Belfast Telegraph

Comment: Gentleman Jim didn't deserve boos from the Blues

By Billy Weir

I received a letter this week. A real letter, not an email or social media missive, a real letter delivered by a man (or woman) whose best pal is a black and white cat. The envelope was sitting on my keyboard, looking up at me when I plonked my posterior on my seat on Monday.

This usually fills me with a mixture of excitement and trepidation, for if someone has taken the time to write a letter, by hand, bung it in an envelope, stick on a stamp and then take it to the post box they clearly mean business.

It can also, quite frankly, be menacing, rude and offer suggestions that are, to be honest, a little disturbing and anatomically, if not impossible, then a tad tricky, but this was different - it was a joke.

It went as follows: The seven dwarfs were crossing a field when they fell down a disused well. A couple of hours later the rescuers arrive and they could not hear any sound. One rescuer shouted down the well 'if anybody can hear me shout something up.' A wee voice replied: 'Linfield are going to win the Irish League this season.' The man turned to the rest of the rescue team and said 'at least Dopey is still alive!'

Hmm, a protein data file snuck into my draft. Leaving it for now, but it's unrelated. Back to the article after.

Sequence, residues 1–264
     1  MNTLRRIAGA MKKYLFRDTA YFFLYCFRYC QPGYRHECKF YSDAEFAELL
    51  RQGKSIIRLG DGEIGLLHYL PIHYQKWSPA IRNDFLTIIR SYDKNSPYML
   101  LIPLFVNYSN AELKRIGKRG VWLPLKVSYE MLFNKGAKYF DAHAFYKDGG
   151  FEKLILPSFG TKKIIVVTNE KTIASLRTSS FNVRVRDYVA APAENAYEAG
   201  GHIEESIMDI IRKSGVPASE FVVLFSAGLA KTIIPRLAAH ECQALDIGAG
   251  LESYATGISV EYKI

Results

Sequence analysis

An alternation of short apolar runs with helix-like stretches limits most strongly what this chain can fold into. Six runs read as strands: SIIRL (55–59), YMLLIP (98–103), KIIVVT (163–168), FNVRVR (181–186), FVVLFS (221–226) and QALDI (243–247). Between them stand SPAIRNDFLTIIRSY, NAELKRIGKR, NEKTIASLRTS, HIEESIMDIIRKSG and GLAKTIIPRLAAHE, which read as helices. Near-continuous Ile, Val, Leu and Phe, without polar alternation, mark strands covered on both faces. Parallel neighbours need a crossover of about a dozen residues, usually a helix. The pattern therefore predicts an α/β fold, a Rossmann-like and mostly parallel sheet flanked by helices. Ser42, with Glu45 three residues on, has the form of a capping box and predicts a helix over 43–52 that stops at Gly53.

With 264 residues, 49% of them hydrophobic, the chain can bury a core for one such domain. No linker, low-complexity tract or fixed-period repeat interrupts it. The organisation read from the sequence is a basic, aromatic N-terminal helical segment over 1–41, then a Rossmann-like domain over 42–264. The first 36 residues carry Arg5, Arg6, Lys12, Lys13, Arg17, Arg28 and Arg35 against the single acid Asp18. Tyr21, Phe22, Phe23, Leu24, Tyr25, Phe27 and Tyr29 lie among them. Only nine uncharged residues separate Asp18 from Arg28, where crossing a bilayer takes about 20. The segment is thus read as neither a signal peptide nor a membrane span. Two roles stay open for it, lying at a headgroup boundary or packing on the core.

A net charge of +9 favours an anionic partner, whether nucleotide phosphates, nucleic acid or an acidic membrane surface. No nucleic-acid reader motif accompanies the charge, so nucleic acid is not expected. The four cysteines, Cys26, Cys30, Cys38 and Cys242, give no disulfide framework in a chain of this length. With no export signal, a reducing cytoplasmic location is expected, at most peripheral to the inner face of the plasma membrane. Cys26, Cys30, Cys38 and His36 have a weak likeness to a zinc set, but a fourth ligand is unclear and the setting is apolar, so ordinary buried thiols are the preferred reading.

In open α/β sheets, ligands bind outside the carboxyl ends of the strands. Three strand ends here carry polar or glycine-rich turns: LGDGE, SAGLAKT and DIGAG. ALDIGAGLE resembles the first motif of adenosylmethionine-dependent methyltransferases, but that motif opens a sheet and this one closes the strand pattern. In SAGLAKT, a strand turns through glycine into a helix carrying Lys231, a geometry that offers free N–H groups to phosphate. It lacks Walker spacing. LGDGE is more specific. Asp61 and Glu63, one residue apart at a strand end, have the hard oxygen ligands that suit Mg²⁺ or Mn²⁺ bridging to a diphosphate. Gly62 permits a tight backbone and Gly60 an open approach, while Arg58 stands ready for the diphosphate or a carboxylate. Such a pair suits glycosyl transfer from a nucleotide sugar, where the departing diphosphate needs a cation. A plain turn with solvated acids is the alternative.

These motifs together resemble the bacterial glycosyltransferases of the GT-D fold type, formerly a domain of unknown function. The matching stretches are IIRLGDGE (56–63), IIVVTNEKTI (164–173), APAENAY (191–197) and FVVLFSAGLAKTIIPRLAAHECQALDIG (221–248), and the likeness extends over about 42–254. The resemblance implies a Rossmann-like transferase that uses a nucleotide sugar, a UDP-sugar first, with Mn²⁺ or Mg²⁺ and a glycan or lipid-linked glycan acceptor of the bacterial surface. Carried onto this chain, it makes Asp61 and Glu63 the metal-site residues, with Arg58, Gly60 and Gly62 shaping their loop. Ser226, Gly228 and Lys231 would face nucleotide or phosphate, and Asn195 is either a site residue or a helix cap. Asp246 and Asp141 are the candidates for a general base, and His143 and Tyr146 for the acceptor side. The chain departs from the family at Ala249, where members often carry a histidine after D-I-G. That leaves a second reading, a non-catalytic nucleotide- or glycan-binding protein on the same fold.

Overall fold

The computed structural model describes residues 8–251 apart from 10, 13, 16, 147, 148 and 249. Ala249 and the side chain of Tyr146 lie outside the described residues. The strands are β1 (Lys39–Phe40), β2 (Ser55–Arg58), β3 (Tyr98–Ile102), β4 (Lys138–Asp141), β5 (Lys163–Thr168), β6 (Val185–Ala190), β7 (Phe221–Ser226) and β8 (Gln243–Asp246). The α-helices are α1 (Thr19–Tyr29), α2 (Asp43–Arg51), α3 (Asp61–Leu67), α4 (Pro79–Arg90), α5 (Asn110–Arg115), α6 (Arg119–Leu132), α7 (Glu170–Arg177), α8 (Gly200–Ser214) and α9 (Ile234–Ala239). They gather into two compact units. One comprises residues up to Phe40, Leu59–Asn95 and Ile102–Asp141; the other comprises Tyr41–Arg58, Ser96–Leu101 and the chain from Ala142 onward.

Thank you to 'Davy, Linfield fan' for that but while we're on the subject of a lack of brains, in yet another mad week from Linfield Football Club, something occurred in Saturday's 2-2 draw at Ballymena United that I could scarcely believe - grumpy and far from bashful Blues fans booing Jim Ervin. Thank goodness Lee Doherty wasn't there, they'd probably boo Doc as well.